Research shows that both telepsychiatry clients and their providers are happy with their treatment outcomes. For most common mental health conditions, people can be treated just as effectively online as they can at a clinic. A study comparing online psychiatry with in-person treatment for depressed veterans showed that they had comparable outcomes. They also had equivalent levels of patient adherence, patient satisfaction, and health care cost. Another review suggests that online psychiatry is particularly useful for depression, ADHD, and PTSD. These are just a few of the encouraging studies that have demonstrated the virtues of online psychiatry.
What Are the Benefits of Online Psychiatry?
There are many reasons why you may benefit from speaking to a Thriveworks nurse practitioner online rather than in-person. For example:
- You live far away from a psychiatric clinic or have no way to get there
- You are a parent, and find it difficult to seek care for your children during appointment times
- You look after an elderly relative or disabled family member, making it difficult to arrange appointments
- There are no psychiatrists in your local area who specialize in your issue or their wait time is too long
- You feel more comfortable talking to someone via video chat, from the comfort of your own home or office
- Your physical or mental health condition makes it hard to leave the house
- Your work hours are restrictive, and you are unable to attend appointments within your working hours
- You don’t want to lose time commuting to a brick-and-mortar location
In short, online psychiatry at Thriveworks can be ideal for people who want speed to care that emphasizes comfort and convenience without sacrificing quality of care.
What Is Medication Management? Why Is It Important?
Psychiatrists and nurse practitioners can prescribe medication, but their work doesn’t end there. Clients who start new medications or change their dosage must be monitored closely by their provider. Follow-up appointments evaluate clients for medication side effects and medication compliance, as well as improvements in their condition or a further need to improve by making changes. These telepsych appointments are 30 minutes in length to fully assess all of the issues related to your health. Many companies provide abbreviated appointments; however, at Thriveworks, we feel that you are best served by a more intensive, 30 minute appointment which is the standard of care in the community.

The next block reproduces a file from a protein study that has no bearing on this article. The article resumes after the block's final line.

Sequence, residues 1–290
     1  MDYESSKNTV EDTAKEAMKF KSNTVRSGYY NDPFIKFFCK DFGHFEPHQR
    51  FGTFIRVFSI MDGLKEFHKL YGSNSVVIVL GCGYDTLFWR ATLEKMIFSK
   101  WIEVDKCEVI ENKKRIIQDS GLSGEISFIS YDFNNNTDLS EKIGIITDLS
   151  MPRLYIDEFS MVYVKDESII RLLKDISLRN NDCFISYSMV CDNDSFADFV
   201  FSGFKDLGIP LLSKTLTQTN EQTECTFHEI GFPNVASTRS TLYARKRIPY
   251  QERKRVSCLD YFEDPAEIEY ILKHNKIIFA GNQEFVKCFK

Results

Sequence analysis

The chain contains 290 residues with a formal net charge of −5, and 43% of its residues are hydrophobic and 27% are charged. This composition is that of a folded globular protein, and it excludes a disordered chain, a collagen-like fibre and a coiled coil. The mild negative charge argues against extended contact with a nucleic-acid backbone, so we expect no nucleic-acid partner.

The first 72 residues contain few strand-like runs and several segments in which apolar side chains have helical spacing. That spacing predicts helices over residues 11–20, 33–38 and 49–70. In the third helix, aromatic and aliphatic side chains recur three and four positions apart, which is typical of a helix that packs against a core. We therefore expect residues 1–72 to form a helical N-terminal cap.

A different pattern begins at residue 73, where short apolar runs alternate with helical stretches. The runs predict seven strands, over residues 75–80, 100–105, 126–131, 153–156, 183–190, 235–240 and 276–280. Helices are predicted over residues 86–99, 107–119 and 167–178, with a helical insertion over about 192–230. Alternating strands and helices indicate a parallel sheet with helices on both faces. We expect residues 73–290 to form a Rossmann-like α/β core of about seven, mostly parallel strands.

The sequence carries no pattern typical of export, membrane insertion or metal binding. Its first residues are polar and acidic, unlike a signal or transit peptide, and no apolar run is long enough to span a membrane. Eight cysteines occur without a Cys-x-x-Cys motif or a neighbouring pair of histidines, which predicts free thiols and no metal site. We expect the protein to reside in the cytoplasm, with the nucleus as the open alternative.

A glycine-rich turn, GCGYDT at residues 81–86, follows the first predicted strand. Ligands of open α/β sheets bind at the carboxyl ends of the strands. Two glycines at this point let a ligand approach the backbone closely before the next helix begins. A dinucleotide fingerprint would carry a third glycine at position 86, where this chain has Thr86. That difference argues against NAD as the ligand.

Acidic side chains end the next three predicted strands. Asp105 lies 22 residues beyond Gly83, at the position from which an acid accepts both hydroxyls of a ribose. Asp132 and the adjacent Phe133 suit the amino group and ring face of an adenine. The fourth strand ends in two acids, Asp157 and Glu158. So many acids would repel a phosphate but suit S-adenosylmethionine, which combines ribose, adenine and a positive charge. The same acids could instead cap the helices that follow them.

Finding the right medication for each individual sometimes requires a bit of trial and error. What works for one client may not work for another. But psychiatrists and nurse practitioners have a number of clinical tools available to help match clients to the right drugs and dosages. For example, if you are suffering from major depressive disorder (MDD), your provider may ask you about your family history. Often an antidepressant that works well for a blood relative will also work well for you due to genetic factors. A psychiatrist and NP will also take your weight, health history, other medications, and much more into account before writing a prescription.